During the bleak years of the Great Depression, the lovable Shirley Temple became a symbol of happiness and hope for audiences around the world. In 1934, 20th Century Fox film songwriter Jay Gorney was taken with the dimpled, flaxen-haired star of a short film that preceded the feature at a local Los Angeles theater. As he was leaving, Gorney was surprised to recognize Temple and her family at the same theater, and soon the young actress was signing her first contract with Fox. By the end of the year, Temple would be featured in seven films, and would become the top-grossing box office star in the world.
Meanwhile, the Ideal Novelty and Toy Company approached the Temple family with its Shirley Temple doll concept, and sculptor Bernard Lipfert was tasked to create its unique mold. After seeing more than 20 variations, both the Temple family and Ideal’s staff were satisfied, and the first composition Shirley Temple doll was created.
The earliest prototype was made from composition with three different wig options—red, blond, and brunette. A more generic version of the doll was also marketed without using Temple’s last name. In October of 1934, Ideal applied for a patent, and the Shirley Temple doll was officially announced in an issue of the retail industry magazine “Playthings.”
The updated design came in four sizes, with hazel eyes and curly, strawberry-blonde hair. The product’s only marking read “COP IDEAL N&T Co.” which was imprinted on the back of the doll’s head. Shirley Temple dolls came complete with a polka-dotted dress like the one she wore in “Stand Up and Cheer,” along with an official tag and celluloid button.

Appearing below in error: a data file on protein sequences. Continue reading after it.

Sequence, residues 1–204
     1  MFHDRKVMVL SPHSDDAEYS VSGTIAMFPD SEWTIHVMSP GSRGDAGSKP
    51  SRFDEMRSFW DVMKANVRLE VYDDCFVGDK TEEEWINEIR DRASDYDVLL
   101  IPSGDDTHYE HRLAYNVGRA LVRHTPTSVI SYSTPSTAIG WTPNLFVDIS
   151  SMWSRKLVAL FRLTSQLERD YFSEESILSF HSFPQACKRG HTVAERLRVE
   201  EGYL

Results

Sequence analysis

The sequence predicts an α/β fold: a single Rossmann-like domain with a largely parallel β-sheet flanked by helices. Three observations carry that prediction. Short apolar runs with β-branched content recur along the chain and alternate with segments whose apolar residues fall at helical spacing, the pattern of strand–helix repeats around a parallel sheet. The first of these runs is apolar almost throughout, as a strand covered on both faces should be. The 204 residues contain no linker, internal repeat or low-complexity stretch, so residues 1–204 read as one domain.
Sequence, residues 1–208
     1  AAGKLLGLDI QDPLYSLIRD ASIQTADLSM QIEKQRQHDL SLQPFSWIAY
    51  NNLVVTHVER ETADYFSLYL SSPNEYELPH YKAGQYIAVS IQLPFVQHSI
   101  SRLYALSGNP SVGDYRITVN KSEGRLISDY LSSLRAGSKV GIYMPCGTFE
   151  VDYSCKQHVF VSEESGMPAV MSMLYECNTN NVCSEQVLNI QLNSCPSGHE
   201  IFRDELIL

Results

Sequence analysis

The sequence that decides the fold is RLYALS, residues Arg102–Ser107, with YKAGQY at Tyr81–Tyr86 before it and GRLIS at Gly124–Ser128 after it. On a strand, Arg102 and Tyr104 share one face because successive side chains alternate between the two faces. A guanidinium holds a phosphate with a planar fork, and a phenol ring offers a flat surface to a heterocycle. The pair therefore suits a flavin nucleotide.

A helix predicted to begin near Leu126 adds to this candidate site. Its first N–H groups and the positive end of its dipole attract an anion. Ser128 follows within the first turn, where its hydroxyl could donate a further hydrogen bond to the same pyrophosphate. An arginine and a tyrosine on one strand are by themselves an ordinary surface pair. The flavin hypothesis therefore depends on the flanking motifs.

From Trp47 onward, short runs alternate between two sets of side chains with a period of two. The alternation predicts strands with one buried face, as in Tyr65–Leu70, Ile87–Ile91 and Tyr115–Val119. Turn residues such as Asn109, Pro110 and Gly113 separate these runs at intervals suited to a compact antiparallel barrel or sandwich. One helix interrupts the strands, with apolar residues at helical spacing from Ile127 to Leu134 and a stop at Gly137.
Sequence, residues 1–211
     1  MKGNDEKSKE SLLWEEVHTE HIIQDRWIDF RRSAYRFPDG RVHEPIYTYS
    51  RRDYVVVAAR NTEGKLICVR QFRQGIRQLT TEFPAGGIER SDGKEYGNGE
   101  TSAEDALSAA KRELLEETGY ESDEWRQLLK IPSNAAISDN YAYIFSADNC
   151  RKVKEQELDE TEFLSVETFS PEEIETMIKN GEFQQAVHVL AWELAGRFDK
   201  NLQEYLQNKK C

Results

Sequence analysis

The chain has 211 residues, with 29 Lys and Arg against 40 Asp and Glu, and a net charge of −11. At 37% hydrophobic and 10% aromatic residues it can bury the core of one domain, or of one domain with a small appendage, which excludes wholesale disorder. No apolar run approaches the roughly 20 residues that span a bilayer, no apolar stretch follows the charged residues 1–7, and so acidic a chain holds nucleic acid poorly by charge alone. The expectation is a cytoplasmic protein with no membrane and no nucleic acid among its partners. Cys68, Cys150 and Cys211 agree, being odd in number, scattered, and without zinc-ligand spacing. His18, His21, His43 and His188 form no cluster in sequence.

At $3.00 each, even the smallest Shirley Temple dolls weren’t cheap. Yet the toys were a hit, and soon Ideal commissioned designer Mollye Goldman to create a variety of outfits based on Temple’s film roles. Shirley Temple fans soon had an assortment of organdy dresses to choose from, many in cute sailor striped or polka-dotted styles.
These mini-versions of the child star quickly became Ideal’s best-selling product, and were made in nine different sizes. Other companies created knockoffs and found creative ways to skirt copyright law. Beginning with its “Little Colonel” doll, Madame Alexander purchased the rights to the books on which Temple’s films were based and marketed their dolls using these titles.
Over the years, Ideal modified its product, slimming the face mold, altering her coloration, and embossing the Shirley Temple name on both its body and head. Extensive lines of c...
After a nearly 20-year hiatus, the company released a slightly more grown-up Shirley Temple doll made from vinyl in 1957. Temple became closely involved with the production and promotion of Ideal’s new series, and two years later helped launch its first “Shirley Temple Playpal” doll, which was a full three feet in height.
In 1960, the first Shirley Temple Collectors Club was established. From the '60s through the '80s, new Shirley Temple dolls were regularly distributed by companies like Montgomery Ward and the Danbury Mint, aimed primarily at nostalgic adult collectors.